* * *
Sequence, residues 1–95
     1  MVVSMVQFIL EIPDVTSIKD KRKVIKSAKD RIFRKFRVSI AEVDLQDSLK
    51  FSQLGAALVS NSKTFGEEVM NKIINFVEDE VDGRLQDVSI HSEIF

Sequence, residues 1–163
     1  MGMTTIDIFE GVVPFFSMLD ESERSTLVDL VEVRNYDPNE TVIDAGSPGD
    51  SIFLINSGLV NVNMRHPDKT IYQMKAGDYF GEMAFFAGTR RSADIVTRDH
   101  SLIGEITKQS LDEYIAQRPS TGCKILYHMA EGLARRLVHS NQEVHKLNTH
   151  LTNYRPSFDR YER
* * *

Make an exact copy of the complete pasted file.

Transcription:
Sequence, residues 1–95
     1  MVVSMVQFIL EIPDVTSIKD KRKVIKSAKD RIFRKFRVSI AEVDLQDSLK
    51  FSQLGAALVS NSKTFGEEVM NKIINFVEDE VDGRLQDVSI HSEIF

Sequence, residues 1–163
     1  MGMTTIDIFE GVVPFFSMLD ESERSTLVDL VEVRNYDPNE TVIDAGSPGD
    51  SIFLINSGLV NVNMRHPDKT IYQMKAGDYF GEMAFFAGTR RSADIVTRDH
   101  SLIGEITKQS LDEYIAQRPS TGCKILYHMA EGLARRLVHS NQEVHKLNTH
   151  LTNYRPSFDR YER